MT: It all boils down to remembering who is the host and who are the guests. I treat our members and our riders as guests – as if they were guests in my house. I have always been able to put together rides that appealed to the majority of riders. We started with a few dozen members, but I have been pleasantly surprised to see that GroupRides Forum has grown to be the largest Meetup motorcycle group in Northern California. In fact we are the # 2 Meetup group for motorcycles in California, only second to a Meetup group in San Diego. Of course BARF and SBR are bigger, but they are not on Meetup platforms.
RR: What is the mix of new riders and experienced riders on rides? Do you see it as beneficial for us to ride with motorcyclists of other skill levels?
MT: Our rides can appeal to most riders, except total newbies and perhaps road racers who lack the patience to ride at a sensible pace on public roads. We mostly ride on technical backroads. This means we can have a fun and challenging rides, but at a moderate speed.
Many of our newer members say their riding has improved immensely by seeing how experienced riders negotiate the tight roads, and by following their lines. If you ski or play tennis, you know that if you are skiing or playing tennis with those who are more advanced, you can actually begin to see improvements in your skill levels. And of course the routes I select help our new riders fine-tune their skills.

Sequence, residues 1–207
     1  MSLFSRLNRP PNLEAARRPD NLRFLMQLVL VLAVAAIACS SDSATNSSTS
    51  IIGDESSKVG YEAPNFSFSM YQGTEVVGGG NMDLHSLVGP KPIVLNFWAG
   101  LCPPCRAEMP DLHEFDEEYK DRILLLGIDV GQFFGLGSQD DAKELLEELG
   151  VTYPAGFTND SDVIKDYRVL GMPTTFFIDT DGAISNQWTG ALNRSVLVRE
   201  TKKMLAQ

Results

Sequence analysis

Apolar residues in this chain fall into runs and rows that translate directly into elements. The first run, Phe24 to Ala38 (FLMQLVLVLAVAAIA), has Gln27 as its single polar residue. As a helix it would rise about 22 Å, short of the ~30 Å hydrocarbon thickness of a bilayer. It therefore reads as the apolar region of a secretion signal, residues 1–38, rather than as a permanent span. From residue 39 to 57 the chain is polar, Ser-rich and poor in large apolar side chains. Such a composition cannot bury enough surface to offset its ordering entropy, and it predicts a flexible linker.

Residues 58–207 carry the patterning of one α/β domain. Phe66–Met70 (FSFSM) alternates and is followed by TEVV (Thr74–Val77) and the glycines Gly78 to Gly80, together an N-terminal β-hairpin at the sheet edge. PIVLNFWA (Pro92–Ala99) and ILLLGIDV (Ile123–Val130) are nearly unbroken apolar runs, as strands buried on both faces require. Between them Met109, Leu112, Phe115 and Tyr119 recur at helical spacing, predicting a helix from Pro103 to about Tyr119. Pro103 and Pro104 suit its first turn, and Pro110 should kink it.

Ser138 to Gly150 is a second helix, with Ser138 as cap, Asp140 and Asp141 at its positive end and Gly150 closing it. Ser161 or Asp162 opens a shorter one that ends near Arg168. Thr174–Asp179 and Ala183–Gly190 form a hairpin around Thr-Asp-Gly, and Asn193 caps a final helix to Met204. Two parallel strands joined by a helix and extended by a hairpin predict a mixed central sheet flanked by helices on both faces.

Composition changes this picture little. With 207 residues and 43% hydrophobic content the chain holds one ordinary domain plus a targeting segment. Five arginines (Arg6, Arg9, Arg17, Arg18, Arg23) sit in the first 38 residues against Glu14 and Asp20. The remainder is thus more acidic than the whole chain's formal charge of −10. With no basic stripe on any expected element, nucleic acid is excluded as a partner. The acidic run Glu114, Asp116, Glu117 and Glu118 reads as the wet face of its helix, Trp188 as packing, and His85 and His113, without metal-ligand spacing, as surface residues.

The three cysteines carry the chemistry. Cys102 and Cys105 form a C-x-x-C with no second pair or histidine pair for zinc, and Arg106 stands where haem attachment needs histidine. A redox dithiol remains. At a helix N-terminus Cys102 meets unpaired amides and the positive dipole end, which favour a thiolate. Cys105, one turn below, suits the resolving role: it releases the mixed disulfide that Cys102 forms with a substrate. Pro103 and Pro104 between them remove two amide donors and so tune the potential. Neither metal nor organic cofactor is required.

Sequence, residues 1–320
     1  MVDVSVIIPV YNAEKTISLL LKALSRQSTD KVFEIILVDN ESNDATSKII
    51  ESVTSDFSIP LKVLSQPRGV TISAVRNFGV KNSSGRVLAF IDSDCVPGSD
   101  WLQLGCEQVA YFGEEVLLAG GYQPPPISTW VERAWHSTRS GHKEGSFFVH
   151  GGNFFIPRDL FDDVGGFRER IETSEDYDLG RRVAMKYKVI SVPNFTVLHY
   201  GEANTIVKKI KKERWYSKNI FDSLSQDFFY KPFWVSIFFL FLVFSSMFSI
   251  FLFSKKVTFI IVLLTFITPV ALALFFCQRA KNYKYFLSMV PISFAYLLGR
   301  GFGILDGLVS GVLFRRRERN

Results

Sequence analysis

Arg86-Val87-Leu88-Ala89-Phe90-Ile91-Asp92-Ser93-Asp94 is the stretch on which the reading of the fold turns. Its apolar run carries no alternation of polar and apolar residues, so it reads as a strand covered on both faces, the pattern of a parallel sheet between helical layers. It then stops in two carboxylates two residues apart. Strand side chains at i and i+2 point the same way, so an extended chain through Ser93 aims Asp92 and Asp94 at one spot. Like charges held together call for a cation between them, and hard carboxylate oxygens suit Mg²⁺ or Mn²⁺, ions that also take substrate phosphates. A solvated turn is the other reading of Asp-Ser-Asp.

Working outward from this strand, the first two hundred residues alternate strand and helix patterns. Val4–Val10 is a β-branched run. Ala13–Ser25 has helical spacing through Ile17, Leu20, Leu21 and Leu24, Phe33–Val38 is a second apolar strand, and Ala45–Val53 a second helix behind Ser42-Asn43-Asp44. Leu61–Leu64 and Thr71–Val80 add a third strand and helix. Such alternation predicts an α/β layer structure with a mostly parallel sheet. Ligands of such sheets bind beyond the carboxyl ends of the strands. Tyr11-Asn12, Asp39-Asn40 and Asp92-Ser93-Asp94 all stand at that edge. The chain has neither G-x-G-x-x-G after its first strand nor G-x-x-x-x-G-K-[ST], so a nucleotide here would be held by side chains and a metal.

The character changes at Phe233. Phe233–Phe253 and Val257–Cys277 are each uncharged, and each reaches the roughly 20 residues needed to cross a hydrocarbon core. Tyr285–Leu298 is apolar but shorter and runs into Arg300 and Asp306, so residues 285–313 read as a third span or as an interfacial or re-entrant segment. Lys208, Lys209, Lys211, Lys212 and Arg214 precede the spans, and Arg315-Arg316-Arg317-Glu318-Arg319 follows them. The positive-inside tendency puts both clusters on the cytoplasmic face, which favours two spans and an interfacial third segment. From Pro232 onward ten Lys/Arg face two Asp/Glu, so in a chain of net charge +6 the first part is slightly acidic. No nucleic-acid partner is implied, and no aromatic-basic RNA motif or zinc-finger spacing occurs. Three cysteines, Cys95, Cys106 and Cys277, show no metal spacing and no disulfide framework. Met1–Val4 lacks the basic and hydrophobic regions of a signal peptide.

RR: On that note, how do you dissuade people from reaching beyond their skill level? Or do you find that people do that on their own by only participating in rides that move at their pace?
MT: I and all our regular riders emphasize ”riding within one’s comfort zone”. We write about it when we post rides, we talk about it at our safety talks, and I make it very easy for our newer riders to remember it. At each ride I encourage newer riders, or those who are not familiar with the roads, or with group dynamic to ride near the sweep, or towards the back of the group. They are also reminded that our sweeps are very patient and have no problem going at a very slow pace. Some newbies think it’s better to ride beyond their skill-sets than going slow in front of others. We talk about ego and the fact that between 6-18 months of riding, new riders are at risk. Their ego and their confidence has surpassed their skills.
RR: As membership and participation has steadily increased over the years, have you seen a shift or expansion in the style, generation, experience level etc. in the participants?
MT: The mix of our riders hasn’t really changed that much. We have younger and more mature riders, with varying experience. But with our group, newer riders seem to improve their skills quickly as we introduce them to technical and challenging backroads, week after week.
RR: Do you do your own ride surveillance in your spare time?